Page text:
As such, the proportional period of human/robot interaction in the total cycle time is essential in terms of designing a workstation:
Permanent human-robot interaction: If robots and humans are permanently working together, if speed is not the key factor or there may still be passenger traffic in the vicinity of the robot, collaborating robots might be the right concept. Cycle times are not a primary goal here, but rather synergy effects achieved by means of clever parallel or cooperative work between humans and robots.
Temporary human-robot interaction: If there are lengthier phases in which humans and robots work together and other phases in which humans are not present, hybrid collaborative robots are a sensible option. Stations located in the middle of passenger traffic that is of unpredictable frequency and duration are also of interest in connection with hybrid robots.
Minimal human-robot interaction: If the human-robot interaction is limited to a very short period of time, classic industrial robots are usually a sensible option. They stop when the person is present but can make the most of their speed advantage for the rest of the time. With multi-station rotary or swivel tables, insertion times can also often be decoupled more favorably.
But things are not always that simple: if the human being is unpredictably in the robot's workspace -- sometimes for a short time and sometimes for a long time -- they also influence the cycle time of the robot station. This makes cycle time and part throughput unpredictable. How is it possible to plan the output of the assembly cell and track how many parts can be produced? What is the forecast? With conventional robot cells, this can be easily calculated in the planning phase.
One great advantage of collaborative robot technology is how it simplifies operation and programming, specifically, intuitive manual guidance but also the tablet-like re-design of the robot control units compared to the classic menu-based or code-based manual operating device.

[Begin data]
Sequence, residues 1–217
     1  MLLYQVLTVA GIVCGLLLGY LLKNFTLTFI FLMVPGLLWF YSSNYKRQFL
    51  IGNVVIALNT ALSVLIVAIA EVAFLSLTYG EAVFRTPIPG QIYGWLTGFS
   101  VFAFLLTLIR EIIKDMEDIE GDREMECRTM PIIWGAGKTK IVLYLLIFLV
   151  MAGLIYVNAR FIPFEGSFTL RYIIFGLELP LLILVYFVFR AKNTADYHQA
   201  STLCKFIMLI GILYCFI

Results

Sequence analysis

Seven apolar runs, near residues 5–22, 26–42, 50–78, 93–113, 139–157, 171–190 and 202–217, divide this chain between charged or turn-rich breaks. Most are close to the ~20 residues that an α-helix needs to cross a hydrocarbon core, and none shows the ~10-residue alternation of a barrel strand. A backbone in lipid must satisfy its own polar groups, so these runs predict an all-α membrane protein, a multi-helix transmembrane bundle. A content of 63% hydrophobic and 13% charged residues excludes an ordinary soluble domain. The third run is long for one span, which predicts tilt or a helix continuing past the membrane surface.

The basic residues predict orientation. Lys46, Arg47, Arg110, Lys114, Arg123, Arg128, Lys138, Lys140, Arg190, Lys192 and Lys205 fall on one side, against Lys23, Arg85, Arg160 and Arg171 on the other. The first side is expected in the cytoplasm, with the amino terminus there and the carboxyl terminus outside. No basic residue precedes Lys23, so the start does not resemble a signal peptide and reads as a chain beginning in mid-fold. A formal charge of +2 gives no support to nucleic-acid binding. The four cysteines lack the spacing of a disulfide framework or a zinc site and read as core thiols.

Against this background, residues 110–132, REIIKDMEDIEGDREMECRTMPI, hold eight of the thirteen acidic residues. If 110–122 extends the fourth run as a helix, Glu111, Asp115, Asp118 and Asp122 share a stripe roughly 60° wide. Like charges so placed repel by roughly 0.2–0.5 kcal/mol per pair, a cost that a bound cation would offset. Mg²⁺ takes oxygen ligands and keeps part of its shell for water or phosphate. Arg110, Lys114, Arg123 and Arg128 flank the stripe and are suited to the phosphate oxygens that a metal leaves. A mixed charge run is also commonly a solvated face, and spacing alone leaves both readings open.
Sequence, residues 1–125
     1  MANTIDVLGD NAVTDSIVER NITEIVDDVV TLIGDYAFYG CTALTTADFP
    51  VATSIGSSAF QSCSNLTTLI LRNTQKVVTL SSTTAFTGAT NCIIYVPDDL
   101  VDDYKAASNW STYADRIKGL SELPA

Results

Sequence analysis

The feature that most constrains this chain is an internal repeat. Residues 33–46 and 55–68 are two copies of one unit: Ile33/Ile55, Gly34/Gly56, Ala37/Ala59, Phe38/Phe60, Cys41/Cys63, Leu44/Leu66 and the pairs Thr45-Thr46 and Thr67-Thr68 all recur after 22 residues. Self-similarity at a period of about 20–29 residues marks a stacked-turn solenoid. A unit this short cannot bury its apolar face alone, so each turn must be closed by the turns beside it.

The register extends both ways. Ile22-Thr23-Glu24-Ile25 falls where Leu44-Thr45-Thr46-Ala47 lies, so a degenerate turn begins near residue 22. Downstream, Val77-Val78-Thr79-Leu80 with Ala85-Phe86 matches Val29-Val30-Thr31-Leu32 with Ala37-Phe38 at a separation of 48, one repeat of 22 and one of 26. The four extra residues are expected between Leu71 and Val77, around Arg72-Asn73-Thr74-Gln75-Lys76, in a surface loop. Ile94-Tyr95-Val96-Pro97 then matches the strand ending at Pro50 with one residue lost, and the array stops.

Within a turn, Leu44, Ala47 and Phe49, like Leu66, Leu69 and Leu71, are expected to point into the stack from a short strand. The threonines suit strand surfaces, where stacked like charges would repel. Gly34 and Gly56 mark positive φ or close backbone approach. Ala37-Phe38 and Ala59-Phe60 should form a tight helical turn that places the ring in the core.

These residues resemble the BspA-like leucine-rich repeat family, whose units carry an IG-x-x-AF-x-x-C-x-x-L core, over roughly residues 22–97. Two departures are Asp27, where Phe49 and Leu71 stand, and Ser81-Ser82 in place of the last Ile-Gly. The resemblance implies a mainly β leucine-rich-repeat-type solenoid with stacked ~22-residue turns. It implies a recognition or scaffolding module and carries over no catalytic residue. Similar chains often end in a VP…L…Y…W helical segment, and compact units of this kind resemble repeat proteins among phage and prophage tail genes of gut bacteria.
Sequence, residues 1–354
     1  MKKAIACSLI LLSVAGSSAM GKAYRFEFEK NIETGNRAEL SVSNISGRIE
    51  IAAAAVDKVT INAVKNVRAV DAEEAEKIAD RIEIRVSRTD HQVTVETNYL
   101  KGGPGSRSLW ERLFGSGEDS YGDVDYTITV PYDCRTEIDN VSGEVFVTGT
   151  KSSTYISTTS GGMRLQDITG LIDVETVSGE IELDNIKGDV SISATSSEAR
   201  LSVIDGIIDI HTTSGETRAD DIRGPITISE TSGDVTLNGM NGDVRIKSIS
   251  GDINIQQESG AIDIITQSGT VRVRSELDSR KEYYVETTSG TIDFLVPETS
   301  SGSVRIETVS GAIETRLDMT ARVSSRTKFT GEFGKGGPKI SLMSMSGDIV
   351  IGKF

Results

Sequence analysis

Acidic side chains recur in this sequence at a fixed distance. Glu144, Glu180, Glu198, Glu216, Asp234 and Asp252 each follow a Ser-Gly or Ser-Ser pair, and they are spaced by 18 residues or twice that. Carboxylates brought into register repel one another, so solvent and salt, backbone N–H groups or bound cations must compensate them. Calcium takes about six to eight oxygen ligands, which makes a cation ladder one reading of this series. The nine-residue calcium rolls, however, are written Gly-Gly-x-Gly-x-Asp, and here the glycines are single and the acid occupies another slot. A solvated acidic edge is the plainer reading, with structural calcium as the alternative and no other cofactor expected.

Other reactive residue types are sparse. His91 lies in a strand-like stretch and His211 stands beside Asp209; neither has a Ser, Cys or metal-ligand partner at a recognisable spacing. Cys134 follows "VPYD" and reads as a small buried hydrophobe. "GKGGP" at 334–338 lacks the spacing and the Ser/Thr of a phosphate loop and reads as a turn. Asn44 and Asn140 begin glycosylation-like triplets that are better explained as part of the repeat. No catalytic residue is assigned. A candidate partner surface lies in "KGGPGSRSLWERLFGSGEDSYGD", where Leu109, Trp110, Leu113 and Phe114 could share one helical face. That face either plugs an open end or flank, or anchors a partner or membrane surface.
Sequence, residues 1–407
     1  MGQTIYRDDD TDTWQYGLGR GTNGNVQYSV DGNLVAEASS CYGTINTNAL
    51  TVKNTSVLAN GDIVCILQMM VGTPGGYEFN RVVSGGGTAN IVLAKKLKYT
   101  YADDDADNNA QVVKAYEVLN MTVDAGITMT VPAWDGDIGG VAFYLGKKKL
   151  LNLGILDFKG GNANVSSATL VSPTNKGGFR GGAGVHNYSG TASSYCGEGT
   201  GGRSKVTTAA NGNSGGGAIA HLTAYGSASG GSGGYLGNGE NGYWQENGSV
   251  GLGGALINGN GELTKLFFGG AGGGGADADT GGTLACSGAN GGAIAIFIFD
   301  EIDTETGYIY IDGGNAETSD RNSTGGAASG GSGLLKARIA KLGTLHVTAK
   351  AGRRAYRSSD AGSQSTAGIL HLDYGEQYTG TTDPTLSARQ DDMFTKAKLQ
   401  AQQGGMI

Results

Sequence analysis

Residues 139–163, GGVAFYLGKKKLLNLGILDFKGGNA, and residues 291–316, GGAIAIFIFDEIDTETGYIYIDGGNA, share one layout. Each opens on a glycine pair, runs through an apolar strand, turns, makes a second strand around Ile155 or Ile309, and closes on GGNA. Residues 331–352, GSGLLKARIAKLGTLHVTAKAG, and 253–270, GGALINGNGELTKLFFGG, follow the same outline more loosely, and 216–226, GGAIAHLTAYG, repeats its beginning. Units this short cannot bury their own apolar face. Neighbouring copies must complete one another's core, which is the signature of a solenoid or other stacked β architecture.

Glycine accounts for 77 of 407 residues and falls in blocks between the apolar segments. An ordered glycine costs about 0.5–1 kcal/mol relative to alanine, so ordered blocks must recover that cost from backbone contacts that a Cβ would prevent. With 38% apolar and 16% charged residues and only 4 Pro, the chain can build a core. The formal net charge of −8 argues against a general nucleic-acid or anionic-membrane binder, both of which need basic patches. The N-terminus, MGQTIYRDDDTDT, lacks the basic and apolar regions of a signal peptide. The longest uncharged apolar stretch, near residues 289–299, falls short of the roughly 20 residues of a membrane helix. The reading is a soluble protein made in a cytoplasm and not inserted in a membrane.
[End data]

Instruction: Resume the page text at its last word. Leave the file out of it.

Each of the three technologies has its benefits and drawbacks: manual guidance is good for frequent adjustments of simple pick and place applications -- but it is hardly possible to teach remote laser or path processes to a hundredth of a millimeter with shaky hands.
The classic handheld device offers full functionality and is the first choice for experienced robot programmers if the application is rarely reprogrammed and the full logic, function and command scope of the robot controller is to be used.
And a tablet-based user interface is a happy medium for the app generation.
Each of these three technologies -- and many more programming systems and aids -- are now also available for classic industrial robots. Manufacturers who have both collaborating and classic robots in their portfolio offer all technologies as an option for all robots.
Collaborative robotics is a fascinating new technology for applications where (true) human-robot interaction is required. It opens up a series of new applications for which classic robotics was previously too bulky or uneconomical.
Collaborative robotics will not replace classic robotics but will supplement it. It is a new element in the toolbox of flexible automation, which is first and foremost technology-neutral, committed to an intelligent, suitable and economical solution, and not to the unconditional implementation of collaborative robot technology.